• A pitch is the perceived sound of a note. It is the frequency of a sound in Hertz (Hz) or cycles per second. This is in essence the perceived sound produced based on the number of vibrations of a string per second.
  • A tone is a musical sound of definite pitch.
  • An octave is the interval between one tone and another with either half or double the frequency. Both tones have the same name. It can be thought of as the same note but higher or lower in pitch. For example, the first and last strings of the guitar are both E strings but are two octaves apart.
  • Western music is divided into 12 semitones which equal an octave. A semitone is a pitch interval halfway between two whole tones. Figure 11 shows the names of all twelve semitones. Think of Figure 11 as a measuring stick with each semitone spaced equally apart. Just like there are 12 inches in a foot, there are 12 semitones in an octave.
  • Moving one fret up or down a string is one semitone up or down.
  • A sharp (#) is a note that is raised by a semitone while a flat (b) is a note lowered by a semitone. Just remember that sharp means a half step higher, flat means a half step lower.
  • Every note that is sharp has an equivalent note that is flat. In other words: same note, different name. This means A# = Bb, C# = Db, D# = Eb, F# = Gb, and G# = Ab.
Figure 11: "Measuring Stick" of Pitch - 12 Semitones in an Octave

With the exception of the notes between B - C and E - F, every note has a sharp or a flat. This means there is no such thing as a B#, Cb, E#, or Fb. To help remember where these exceptions occur, remember the following acronyms (these acronyms work for me because I am a Canadian engineer):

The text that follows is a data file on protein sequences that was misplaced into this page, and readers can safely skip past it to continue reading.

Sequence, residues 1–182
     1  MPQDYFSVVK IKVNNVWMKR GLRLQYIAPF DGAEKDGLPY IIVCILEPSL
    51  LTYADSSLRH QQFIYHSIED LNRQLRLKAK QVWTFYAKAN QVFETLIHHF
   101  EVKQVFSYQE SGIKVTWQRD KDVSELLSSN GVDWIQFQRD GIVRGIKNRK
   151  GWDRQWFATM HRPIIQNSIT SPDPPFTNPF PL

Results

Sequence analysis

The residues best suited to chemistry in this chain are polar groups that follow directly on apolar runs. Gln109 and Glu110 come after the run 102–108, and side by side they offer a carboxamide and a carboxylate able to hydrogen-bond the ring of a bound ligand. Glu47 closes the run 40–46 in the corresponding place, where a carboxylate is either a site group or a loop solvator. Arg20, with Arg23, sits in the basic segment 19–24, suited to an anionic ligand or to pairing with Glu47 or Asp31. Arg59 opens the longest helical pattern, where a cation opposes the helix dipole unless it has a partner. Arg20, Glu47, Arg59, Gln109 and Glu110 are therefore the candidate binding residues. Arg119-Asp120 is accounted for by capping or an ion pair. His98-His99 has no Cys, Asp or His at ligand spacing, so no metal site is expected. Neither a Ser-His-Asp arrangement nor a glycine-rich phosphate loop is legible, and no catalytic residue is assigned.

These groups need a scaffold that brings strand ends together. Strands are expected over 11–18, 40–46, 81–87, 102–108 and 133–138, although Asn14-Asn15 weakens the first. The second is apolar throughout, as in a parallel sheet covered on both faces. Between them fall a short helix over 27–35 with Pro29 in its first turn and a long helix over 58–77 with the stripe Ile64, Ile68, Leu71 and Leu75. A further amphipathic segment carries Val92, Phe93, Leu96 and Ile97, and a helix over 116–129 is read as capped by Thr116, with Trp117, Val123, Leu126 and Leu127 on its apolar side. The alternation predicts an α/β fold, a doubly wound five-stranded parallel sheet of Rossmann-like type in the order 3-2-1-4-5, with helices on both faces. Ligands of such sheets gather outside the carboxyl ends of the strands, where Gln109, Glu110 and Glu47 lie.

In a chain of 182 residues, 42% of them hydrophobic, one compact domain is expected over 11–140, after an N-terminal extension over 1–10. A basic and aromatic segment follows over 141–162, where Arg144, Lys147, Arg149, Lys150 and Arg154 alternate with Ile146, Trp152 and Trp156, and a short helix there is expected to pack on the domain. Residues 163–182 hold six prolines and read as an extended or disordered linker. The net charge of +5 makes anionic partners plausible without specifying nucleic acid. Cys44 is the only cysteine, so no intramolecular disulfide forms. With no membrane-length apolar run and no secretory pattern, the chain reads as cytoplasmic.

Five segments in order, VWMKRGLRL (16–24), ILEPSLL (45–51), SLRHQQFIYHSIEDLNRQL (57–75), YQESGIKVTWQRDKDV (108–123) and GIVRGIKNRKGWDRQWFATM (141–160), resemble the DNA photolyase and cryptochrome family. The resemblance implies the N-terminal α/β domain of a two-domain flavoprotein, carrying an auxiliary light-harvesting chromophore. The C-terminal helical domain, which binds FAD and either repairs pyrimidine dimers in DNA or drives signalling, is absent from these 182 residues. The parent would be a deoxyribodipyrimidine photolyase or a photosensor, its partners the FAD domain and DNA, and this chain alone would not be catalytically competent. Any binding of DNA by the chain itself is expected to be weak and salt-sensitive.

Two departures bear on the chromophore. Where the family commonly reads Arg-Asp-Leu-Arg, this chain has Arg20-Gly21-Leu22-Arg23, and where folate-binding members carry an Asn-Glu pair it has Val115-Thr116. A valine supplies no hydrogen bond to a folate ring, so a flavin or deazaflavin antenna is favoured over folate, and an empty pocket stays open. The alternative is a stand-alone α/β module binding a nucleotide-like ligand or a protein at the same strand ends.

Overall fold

BC = British Columbia
EF = Electric Field

Section 8 - Application of Theory

"This song is too high" - It happens time and time again... you want to play a great worship song but it's way outside of your singing range… so what do you do? The easy answer is to transpose the song in order to change the pitch of the song. Just make sure you don't transpose it to a point where you're the only person who can sing it. If the song is too high, transpose the song down. If the song is too low, transpose the song up. How far up or down takes a bit of experience, and a bit of trial and error.

In order to transpose a song, you need to remember the names of the 12 semitones. Remember the first seven letters of the alphabet and the acronyms BC (British Columbia) and EF (Electric Field) from the previous section. If you forget, you can always refer back to Figure 11 while you transpose the song. The goal is to move an equal distance with each chord you transpose.

Using "Be Thou My Vision" as an example, let's say the original chords are as follows: